they're classed as A-G metal in their wiki article and certainly fit the description. added. RPTechnic (talk) 04:13, 12 January 2009 (UTC)

System of a Down?[edit]

What would System of a Down be considered? Are they Progressive Metal or Avant-Garde Metal?Xx1994xx (talk) —Preceding undated comment added 18:58, 14 July 2009 (UTC).

--Neither! Alternative Metal at best, and this really isn't the forum to ask, do ya think? —Preceding unsigned comment added by 24.117.0.7 (talk) 03:40, 20 August 2009 (UTC)

Yeah no way in hell are they neither and only people who aren't aware of experimental or progressive metal think they're alternative metal.Xx1994xx (talk) —Preceding undated comment added 17:46, 30 August 2009 (UTC).

In order to fit in a sub-genre of metal, a band must first actually be metal, which SOAD is not. Drink bleach. — Preceding unsigned comment added by 24.231.78.74 (talk) 23:54, 18 June 2012 (UTC)

I'll will warn the above IP editor that they should be civil and not engage in personal attacks. I'm not even going to get into the whole neutral point of view and verifiability arguments. And as the list now has its own article now, concerns should be addressed there.--¿3family6 contribs 01:26, 19 June 2012 (UTC)
For all you keeping track at home, 'not metal' is an insult used by metalheads to express disdain for a band or genre. It has nothing to do with the band or genre's actual status as metal or not metal. Very rarely, metalheads will attempt to claim non-metal bands they like as metal or metal-influenced, once again regardless of their actual genre and influences. 175.38.204.40 (talk) 07:40, 25 October 2012 (UTC)

The Massive List[edit]

OK, before I start gutting the list on the basis that almost nothing on there passes WP:RS, I'm just going to give other editors a day or so to explain how avantgarde-metal.com might pass? It appears to be a webzine (hence no chance of passing); the website includes a section titled "print mags" but there's no indication that they were published by a third party... if they weren't they fail under WP:SPS. Either way the list needs hugely trimming in line with other metal list articles. Blackmetalbaz (talk) 14:58, 9 January 2010 (UTC)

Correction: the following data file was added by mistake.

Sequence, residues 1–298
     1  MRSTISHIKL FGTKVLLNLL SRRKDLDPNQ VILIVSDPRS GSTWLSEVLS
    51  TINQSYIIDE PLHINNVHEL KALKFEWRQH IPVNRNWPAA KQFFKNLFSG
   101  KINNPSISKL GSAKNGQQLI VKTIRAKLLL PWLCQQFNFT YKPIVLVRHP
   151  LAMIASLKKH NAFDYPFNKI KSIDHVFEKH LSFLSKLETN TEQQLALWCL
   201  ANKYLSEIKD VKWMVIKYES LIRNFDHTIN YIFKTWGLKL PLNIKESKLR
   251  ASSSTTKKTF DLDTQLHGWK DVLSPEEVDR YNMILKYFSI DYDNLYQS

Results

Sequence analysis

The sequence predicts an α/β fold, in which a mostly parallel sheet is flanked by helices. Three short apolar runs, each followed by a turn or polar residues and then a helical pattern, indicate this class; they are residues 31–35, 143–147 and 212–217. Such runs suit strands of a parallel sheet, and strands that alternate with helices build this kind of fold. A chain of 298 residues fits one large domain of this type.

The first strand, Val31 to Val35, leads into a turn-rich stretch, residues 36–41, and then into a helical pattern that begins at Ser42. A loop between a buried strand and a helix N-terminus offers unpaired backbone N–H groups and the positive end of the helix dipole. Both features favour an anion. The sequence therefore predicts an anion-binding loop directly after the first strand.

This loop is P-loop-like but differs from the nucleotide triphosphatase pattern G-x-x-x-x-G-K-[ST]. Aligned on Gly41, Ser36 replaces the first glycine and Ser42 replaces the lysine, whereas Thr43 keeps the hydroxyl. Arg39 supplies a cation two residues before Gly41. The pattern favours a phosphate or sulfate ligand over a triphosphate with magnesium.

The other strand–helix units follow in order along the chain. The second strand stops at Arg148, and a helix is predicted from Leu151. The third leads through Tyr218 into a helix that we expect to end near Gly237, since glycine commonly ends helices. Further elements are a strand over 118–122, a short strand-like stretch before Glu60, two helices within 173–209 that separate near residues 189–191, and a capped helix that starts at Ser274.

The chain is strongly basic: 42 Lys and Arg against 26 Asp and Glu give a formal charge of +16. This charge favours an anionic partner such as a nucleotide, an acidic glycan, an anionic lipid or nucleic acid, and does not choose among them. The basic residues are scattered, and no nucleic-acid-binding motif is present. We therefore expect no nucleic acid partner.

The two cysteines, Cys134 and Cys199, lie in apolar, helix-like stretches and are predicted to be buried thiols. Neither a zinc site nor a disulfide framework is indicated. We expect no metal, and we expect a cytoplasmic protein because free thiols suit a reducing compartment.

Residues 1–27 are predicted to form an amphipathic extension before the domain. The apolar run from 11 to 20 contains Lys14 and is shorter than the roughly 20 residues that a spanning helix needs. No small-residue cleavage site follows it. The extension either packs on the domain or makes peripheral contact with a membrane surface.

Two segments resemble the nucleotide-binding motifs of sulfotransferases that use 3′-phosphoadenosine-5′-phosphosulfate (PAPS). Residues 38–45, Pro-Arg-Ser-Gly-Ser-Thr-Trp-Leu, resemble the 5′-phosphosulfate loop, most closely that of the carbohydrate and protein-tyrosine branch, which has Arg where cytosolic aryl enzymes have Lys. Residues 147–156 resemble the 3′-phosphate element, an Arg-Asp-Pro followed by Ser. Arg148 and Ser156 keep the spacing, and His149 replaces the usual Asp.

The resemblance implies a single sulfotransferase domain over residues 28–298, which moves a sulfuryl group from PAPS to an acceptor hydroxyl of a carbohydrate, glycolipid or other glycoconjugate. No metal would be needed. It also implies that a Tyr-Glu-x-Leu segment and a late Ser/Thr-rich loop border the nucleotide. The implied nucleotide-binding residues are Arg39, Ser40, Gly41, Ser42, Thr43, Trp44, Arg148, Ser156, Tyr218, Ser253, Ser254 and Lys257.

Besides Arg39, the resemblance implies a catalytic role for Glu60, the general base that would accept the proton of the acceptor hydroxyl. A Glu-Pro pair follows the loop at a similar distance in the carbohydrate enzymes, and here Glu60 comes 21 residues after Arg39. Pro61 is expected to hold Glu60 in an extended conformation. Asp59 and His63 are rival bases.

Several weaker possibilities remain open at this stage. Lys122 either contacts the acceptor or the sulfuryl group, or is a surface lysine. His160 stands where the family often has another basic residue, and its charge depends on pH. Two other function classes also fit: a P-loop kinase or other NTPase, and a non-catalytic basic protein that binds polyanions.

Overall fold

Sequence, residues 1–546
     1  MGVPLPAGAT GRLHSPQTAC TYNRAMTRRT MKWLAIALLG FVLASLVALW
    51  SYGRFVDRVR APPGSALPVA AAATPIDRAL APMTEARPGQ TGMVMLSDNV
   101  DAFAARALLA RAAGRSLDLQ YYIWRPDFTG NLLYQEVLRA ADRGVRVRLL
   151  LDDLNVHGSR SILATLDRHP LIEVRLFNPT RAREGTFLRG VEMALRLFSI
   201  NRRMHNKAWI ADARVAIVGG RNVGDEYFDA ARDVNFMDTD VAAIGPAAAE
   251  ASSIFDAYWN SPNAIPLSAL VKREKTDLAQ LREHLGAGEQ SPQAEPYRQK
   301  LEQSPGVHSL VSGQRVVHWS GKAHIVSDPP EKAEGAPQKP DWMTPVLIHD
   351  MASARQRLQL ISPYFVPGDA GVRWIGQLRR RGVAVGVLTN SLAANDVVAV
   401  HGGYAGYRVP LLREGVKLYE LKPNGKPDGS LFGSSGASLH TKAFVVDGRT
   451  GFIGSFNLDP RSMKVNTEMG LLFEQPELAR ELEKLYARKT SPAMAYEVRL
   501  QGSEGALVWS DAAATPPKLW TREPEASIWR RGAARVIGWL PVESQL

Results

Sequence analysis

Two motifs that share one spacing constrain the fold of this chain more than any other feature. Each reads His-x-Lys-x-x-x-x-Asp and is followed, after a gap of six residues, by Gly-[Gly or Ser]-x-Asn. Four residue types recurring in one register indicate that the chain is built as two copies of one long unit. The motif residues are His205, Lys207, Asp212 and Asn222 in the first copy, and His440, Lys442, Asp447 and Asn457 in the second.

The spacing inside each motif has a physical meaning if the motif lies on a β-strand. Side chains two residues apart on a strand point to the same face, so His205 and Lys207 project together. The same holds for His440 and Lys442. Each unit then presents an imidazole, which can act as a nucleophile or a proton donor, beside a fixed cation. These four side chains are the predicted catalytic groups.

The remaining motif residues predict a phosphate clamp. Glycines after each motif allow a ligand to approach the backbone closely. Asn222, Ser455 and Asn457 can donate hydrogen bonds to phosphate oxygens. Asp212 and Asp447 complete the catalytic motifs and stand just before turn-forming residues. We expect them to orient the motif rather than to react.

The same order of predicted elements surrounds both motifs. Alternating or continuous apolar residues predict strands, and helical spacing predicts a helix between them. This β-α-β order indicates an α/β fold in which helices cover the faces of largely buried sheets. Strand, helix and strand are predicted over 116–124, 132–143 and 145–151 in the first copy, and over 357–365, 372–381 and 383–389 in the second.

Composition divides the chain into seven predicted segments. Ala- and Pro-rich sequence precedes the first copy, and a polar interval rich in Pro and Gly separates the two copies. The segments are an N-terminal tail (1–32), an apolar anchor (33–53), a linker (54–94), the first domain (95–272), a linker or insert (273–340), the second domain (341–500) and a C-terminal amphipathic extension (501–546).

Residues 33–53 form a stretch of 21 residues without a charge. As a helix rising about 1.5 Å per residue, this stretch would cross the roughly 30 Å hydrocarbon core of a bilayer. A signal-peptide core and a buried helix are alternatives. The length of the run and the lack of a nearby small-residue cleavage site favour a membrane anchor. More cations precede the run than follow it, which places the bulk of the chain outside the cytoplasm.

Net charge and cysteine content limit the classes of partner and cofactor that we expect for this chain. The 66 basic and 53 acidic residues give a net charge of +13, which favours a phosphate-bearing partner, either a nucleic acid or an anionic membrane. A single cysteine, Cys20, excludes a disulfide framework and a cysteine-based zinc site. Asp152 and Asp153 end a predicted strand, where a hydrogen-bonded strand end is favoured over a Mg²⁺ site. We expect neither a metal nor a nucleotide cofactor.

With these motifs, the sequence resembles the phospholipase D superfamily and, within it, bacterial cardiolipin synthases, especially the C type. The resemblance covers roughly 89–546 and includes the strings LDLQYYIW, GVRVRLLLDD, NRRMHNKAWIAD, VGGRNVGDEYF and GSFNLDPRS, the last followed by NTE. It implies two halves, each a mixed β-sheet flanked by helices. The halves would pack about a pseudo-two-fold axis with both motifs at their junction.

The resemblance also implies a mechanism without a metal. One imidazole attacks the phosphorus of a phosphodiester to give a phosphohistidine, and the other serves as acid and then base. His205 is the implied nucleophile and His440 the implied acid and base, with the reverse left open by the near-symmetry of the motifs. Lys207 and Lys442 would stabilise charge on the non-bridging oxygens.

So it's you who erases avantgarde-metal.com? How might it pass, you ask? Well, it's the first website to be 100% dedicated to avant-garde metal, including interviews with very important composers from the "genre", reviews of avant-garde metal albums, as well as other special articles. It's been existing since 2007. All the bands listed on Wikipedia as agm bands, have been featured on avantgarde-metal.com. The website doesn't claim to hold the truth, but I think it would still be important for potential avant-garde metal fans, to know about it, if only to learn about new original bands playing metal. What else do you want, to have it pass? —Preceding unsigned comment added by 173.179.178.188 (talk) 20:13, 11 October 2010 (UTC)

We don't posture and we don't pose as the centergate to the truth about avant-garde metal, it's just that we're a bunch of experienced longtime explorers of the alternate definitions of metal music. If you are a fan, please encourage our website only as a portal to exploring the genre, and if you're not a fan of that kind of music, well, I wonder why you're willing to apply so blindly the Wikipedia god-given laws regarding verifiability. If we interview Vicotnik, and Vicotnik says avant-garde metal is close to his heart, and metal history (look for the reviews out there) agrees to the fact that 666 International was indeed ahead of its time, musically, lyrically, visually, conceptually, etc., and we publish this online - how verifiable is this for you? As any other publication, we have writers writing reviews, and this could never be objective, but what about interviews? Isn't the newcoming explorer of avant-garde metal interested in finding out what the artists themselves behind such music have to say? Do we mislead him, or do we indicate a false, unverifiable source, by giving him the opportunity to read directly to the source, so to speak? Come on. —Preceding unsigned comment added by 173.179.178.188 (talk) 05:00, 12 October 2010 (UTC)